soup of the day: mouse was mad by linda urban!

Feeling a little put out?

Things just not going your way?

Then get MAD!! Really really really MAD!!

That’s right, folks. It’s time to scream and holler your head off, in honor of a brand new picture book that’s officially out today: Mouse Was Mad, by the one and only Linda Urban!

MOUSE WAS MAD by Linda Urban, pictures by Henry Cole,
(Houghton Mifflin Harcourt, 2009), Picture book for ages 4-8, 40 pp.


The thing is, you won’t stay mad for very long. You simply can’t. That’s because this brilliantly fine-tuned, adorable, endlessly endearing charmer of a book will steal your heart away at first reading — and you’ll find yourself madly in love with it!

Seriously. For me, this one stole the big cheese. Linda’s telling demonstrates picture book writing at its finest. At the center of the storm is Mouse — tiny in size, but experiencing a rage so huge, he’s hoppin’, stompin’, screaming, rolling-around-on-the-ground mad. As he struggles to express his anger, Hare, Bear, Bobcat and Hedgehog come along and show him how it’s really done, but poor Mouse can’t get it right, flopping, splooshing and splushing into one mucky mud puddle after another.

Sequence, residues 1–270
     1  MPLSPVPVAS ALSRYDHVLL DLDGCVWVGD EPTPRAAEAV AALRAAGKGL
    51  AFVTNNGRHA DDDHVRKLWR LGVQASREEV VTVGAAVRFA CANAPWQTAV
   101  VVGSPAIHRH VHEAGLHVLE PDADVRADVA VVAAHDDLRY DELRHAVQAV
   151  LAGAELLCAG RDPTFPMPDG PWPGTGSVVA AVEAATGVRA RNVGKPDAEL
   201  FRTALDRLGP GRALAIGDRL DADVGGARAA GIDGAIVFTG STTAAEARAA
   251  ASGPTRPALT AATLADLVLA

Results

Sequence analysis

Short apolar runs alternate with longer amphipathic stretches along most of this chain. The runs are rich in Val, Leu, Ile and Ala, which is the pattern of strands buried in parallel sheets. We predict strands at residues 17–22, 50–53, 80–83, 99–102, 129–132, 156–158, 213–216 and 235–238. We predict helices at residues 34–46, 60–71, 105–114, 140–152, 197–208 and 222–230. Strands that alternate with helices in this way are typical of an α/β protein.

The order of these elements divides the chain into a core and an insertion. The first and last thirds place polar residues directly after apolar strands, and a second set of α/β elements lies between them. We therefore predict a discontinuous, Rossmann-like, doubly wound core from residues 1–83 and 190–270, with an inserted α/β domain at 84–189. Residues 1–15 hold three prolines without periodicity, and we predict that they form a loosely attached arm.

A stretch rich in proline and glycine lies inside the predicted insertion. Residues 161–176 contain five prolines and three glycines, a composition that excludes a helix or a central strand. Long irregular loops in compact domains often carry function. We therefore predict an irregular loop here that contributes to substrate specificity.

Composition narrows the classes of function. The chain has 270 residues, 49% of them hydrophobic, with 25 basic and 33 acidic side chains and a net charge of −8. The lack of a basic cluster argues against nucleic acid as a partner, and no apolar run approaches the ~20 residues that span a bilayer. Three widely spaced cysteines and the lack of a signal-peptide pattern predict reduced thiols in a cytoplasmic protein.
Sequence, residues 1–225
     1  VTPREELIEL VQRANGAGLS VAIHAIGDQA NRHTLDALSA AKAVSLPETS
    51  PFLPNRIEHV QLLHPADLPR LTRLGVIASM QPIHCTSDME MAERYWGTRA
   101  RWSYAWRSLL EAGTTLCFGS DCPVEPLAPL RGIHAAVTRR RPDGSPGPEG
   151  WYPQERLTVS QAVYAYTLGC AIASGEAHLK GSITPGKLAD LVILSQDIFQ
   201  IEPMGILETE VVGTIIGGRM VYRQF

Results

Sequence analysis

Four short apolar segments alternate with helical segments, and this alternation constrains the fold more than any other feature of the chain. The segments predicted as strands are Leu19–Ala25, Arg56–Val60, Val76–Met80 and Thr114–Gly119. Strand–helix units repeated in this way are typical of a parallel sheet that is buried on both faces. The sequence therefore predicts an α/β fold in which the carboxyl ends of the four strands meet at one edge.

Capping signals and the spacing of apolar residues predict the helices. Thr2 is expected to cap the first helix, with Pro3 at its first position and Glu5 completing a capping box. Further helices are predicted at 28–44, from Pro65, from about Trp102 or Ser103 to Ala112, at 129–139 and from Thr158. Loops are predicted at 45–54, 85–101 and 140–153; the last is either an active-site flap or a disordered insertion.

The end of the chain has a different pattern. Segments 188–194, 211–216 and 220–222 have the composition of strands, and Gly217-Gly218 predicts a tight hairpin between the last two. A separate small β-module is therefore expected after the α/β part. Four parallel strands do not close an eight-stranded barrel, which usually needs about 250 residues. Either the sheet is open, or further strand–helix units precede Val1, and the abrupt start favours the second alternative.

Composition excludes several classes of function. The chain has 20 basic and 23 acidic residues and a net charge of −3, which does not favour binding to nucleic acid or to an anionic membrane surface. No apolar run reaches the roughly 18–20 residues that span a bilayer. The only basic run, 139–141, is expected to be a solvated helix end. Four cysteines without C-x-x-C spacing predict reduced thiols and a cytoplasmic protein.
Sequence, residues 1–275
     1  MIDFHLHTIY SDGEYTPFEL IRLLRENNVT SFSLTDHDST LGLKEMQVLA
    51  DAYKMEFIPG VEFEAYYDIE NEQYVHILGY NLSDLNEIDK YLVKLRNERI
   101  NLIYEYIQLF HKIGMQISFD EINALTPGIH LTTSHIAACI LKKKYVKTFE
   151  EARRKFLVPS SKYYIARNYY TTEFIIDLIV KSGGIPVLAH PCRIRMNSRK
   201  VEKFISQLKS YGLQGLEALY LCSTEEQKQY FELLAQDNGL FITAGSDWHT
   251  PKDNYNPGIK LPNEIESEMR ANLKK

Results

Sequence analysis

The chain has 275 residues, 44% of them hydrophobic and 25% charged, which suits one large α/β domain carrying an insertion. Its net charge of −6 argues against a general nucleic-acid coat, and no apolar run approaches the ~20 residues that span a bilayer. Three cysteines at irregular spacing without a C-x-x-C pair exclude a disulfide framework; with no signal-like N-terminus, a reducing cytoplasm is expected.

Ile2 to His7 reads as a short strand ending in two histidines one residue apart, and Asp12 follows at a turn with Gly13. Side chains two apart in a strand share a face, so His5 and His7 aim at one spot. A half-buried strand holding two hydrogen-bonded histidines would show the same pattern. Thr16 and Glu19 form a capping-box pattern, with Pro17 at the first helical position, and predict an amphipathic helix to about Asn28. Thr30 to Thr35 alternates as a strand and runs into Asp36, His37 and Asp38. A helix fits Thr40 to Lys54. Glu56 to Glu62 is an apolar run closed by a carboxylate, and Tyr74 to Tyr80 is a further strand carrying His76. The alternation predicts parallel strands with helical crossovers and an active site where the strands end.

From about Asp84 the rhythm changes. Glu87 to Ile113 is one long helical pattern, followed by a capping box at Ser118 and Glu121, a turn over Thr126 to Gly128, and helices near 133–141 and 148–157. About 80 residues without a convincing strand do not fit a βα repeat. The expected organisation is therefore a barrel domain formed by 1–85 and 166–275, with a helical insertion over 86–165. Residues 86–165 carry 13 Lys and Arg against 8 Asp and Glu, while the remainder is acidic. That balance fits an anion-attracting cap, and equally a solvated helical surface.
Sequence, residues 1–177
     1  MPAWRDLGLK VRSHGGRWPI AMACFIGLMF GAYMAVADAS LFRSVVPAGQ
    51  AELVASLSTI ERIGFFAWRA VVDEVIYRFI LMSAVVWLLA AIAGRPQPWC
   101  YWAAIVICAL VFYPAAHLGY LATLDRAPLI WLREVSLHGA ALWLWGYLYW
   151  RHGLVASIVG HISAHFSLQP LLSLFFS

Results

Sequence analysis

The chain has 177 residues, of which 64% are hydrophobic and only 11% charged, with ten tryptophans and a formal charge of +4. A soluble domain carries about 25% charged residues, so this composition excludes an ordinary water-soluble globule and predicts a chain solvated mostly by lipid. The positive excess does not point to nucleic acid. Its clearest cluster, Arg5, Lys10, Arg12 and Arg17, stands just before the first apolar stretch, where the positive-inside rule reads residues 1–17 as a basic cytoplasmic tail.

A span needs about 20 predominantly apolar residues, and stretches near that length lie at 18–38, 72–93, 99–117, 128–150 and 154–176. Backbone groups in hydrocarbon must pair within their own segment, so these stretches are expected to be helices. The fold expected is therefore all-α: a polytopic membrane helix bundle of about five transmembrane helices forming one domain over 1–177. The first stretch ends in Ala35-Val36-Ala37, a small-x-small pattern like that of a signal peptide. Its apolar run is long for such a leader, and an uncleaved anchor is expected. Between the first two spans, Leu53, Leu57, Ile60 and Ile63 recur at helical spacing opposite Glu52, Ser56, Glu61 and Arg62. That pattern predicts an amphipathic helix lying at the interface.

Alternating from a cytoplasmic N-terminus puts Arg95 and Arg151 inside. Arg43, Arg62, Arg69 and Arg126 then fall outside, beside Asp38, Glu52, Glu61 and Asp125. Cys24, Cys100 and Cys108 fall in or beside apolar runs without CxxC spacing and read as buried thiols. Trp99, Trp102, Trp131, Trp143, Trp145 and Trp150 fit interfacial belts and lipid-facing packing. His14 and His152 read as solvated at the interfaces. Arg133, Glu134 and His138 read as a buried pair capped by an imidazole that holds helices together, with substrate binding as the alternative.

Finally, he reaches the point of being standing-still mad. And guess what? Nobody can outdo him. Not Bobcat, whose “ears twitched.” Not Hare, who “could not keep his tail from wiggling.” Certainly not Bear, because “when he breathed deep, trees moved and the ground shook a little.” Sigh. Not even Hedgehog — “even he could not keep his bristles from bristling.”

Hare, Bear, Bobcat and Hedgehog in awe of Mouse’s singular skill.

I can’t say enough about the perfect pacing of this story, or the precise comic timing of the dialogue — spare though it may be, it’s always right on target and speaks volumes.

And Henry Cole’s art? Blissfully, beautifully, dynamically expressive. With ink, pencil, and watercolor, he charts every stage of Mouse’s anger, in all its teeth gritting, whisker bending, eyeball squinching glory. I can say with full confidence that one would be very hard pressed to find any child, (or adult, for that matter), who, while reading this story, wouldn’t be thoroughly engaged and amused by Mouse’s transition from livid to laughing. A great story for little ones building social skills, with a nod to the primacy of self expression.